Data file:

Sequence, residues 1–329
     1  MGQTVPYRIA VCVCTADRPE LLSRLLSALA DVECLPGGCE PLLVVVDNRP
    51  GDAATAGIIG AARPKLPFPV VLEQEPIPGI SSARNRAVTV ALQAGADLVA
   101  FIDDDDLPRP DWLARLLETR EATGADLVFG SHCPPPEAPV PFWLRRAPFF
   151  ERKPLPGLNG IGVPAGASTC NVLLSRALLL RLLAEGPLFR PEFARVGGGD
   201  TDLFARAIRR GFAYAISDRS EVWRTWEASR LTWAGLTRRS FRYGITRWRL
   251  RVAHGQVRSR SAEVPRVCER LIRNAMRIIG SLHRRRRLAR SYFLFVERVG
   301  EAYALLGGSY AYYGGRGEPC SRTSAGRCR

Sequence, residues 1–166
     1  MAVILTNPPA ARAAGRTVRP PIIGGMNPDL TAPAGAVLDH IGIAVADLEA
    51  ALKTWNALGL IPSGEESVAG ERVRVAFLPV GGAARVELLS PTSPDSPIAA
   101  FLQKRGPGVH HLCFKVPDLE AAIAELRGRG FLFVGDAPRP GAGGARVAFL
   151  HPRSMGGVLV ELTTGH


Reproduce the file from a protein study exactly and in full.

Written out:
Sequence, residues 1–329
     1  MGQTVPYRIA VCVCTADRPE LLSRLLSALA DVECLPGGCE PLLVVVDNRP
    51  GDAATAGIIG AARPKLPFPV VLEQEPIPGI SSARNRAVTV ALQAGADLVA
   101  FIDDDDLPRP DWLARLLETR EATGADLVFG SHCPPPEAPV PFWLRRAPFF
   151  ERKPLPGLNG IGVPAGASTC NVLLSRALLL RLLAEGPLFR PEFARVGGGD
   201  TDLFARAIRR GFAYAISDRS EVWRTWEASR LTWAGLTRRS FRYGITRWRL
   251  RVAHGQVRSR SAEVPRVCER LIRNAMRIIG SLHRRRRLAR SYFLFVERVG
   301  EAYALLGGSY AYYGGRGEPC SRTSAGRCR

Sequence, residues 1–166
     1  MAVILTNPPA ARAAGRTVRP PIIGGMNPDL TAPAGAVLDH IGIAVADLEA
    51  ALKTWNALGL IPSGEESVAG ERVRVAFLPV GGAARVELLS PTSPDSPIAA
   101  FLQKRGPGVH HLCFKVPDLE AAIAELRGRG FLFVGDAPRP GAGGARVAFL
   151  HPRSMGGVLV ELTTGH